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In re Hughes

New Jersey Superior Court, Appellate Division

Decided: August 31, 1992.


On appeal from Superior Court, Chancery Division, Camden County.

King, Dreier and Gruccio. The opinion of the court was delivered by Gruccio, J.A.D.


[259 NJSuper Page 195]

On May 13, 1991, Alice Hughes (Ms. Hughes), a 39-year-old devout Jehovah's Witness, was admitted to Cooper Hospital/University Medical Center to undergo a hysterectomy. A principal tenet of the Jehovah's Witness faith is the belief that receiving blood or blood products into one's body precludes resurrection and everlasting life after death.

At the time of her admission to the hospital, Ms. Hughes signed forms expressing her desire not to receive any blood or blood products. She also verbally expressed this intention to her treating physician, Dr. Isadore Ances.

Unanticipated problems arose during surgery which, in Dr. Ances' opinion, required blood transfusions to save Ms. Hughes' life. Dr. Ances contacted Jimmy Hughes, Ms. Hughes' husband, to discuss the emergency situation and his wife's vital need for blood. While on the phone Mr. Hughes, also a Jehovah's Witness, authorized transfusions.

Cooper Hospital initiated an emergency hearing before Judge Fratto at 1:37 a.m. on May 14, 1991, for the purpose of having a temporary guardian appointed for Ms. Hughes to allow additional transfusions after the surgery. She was unconscious and incapable of expressing her desires at the time. Appearing at the emergency hearing were Dr. Ances, Jimmy Hughes,

[259 NJSuper Page 196]

Laura Bennett (Ms. Hughes' sister), and Alinda Ross (Ms. Hughes' daughter).

Specific testimony was given by Dr. Ances regarding his communications with Ms. Hughes, who had been his patient for a mere six weeks. He testified that Ms. Hughes told him that she was a Jehovah's Witness and that she did not want blood products. He informed her that a time could arise when blood might be needed to save her life. He also told her that, given the procedure and the size of her uterus, it was unlikely that she would need blood during the surgery. Ms. Hughes did not discuss the depth of her religious convictions with Dr. Ances, although he was aware that she had signed hospital forms refusing blood. Dr. Ances told the judge that he assumed Ms. Hughes was aware of the ramifications of refusing blood and therefore did not specifically discuss them with her.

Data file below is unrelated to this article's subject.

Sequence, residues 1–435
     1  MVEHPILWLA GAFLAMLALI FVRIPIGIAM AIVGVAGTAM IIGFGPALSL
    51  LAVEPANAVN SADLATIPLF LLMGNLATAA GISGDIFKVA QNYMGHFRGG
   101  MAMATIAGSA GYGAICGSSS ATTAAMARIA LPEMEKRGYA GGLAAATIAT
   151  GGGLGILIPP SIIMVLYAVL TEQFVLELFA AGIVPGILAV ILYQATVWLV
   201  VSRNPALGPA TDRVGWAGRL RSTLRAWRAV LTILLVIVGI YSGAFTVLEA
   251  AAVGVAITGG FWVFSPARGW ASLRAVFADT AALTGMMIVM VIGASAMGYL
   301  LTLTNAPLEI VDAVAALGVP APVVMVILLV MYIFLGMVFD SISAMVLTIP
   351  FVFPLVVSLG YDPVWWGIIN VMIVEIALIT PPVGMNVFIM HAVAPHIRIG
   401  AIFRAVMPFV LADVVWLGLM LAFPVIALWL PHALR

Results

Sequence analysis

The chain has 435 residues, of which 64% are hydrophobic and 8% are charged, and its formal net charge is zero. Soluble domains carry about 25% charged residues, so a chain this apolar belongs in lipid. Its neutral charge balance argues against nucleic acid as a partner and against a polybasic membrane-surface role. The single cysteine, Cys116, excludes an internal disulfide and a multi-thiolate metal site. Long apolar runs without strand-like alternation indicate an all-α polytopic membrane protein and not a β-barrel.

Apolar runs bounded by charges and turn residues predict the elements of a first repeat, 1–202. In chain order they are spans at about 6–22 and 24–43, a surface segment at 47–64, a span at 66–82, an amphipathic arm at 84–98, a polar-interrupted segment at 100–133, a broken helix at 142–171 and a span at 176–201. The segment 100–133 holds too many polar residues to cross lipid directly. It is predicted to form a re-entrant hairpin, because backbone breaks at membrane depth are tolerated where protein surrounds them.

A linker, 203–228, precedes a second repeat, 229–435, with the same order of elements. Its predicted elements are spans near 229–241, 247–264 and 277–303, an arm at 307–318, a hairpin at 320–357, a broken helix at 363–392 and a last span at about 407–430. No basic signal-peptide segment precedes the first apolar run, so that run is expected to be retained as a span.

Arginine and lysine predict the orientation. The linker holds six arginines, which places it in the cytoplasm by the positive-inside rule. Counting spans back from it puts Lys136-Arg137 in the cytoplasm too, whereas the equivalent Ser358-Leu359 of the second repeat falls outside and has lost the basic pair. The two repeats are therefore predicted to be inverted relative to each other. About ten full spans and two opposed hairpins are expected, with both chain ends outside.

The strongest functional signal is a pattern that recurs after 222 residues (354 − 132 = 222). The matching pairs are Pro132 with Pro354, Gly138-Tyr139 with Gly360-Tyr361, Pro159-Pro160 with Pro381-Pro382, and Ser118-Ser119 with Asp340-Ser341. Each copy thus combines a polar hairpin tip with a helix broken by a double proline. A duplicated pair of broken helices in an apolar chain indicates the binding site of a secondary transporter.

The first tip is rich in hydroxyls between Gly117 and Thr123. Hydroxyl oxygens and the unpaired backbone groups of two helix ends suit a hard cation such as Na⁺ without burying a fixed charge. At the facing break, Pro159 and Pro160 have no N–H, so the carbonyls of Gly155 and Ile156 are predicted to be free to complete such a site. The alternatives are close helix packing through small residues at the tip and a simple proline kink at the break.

Jimmy Hughes testified that his wife is a very religious person and expressed her desire to refuse blood, even in an emergency. He further stated that he initially authorized the transfusions by telephone because he was upset and far from home when told that his wife could die without them. When asked whether blood should still be refused, he would not answer.

Laura Bennett, Ms. Hughes' sister, testified that she discussed her religious beliefs with Ms. Hughes before the surgery and believed that she would not want a blood transfusion. She said that Ms. Hughes told her that under no circumstances was she to receive blood. In her opinion, Ms. Hughes understood the consequences of not receiving blood and made a fully-informed decision.

Ms. Hughes' teenage daughter, Alinda Ross, also testified that her mother told her she would not want to receive blood. Yet, Alinda voiced concern about her mother's death and whether any blood substitutes could be given.

After hearing testimony from Dr. Ances and Ms. Hughes' family, the judge found that the evidence was unclear as to

[259 NJSuper Page 197]

whether she would want blood or blood products if it meant saving her life. As a result, the judge appointed the hospital's risk manager as temporary guardian for the limited purpose of giving consent to the administration of blood and blood products. The order explicitly extended only until Ms. Hughes regained consciousness and became competent to make her own decisions regarding the administration of blood. The order automatically expired upon her discharge from the hospital. Thereafter, Ms. Hughes received blood transfusions and recovered. Upon regaining competency, she withdrew the hospital's right to transfuse blood.

On June 28, 1991, Ms. Hughes filed an appeal from the judgment. On September 24, 1991, the hospital filed a motion to dismiss for mootness, which was denied on October 21, 1991, pending full argument. Watchtower Bible and Tract Society filed an amicus curiae brief and its counsel was granted pro hac vice admission for oral argument. Ms. Hughes does not seek damages on appeal, but requests this court to reverse the emergency judgment authorizing a temporary medical guardian, on grounds of public policy.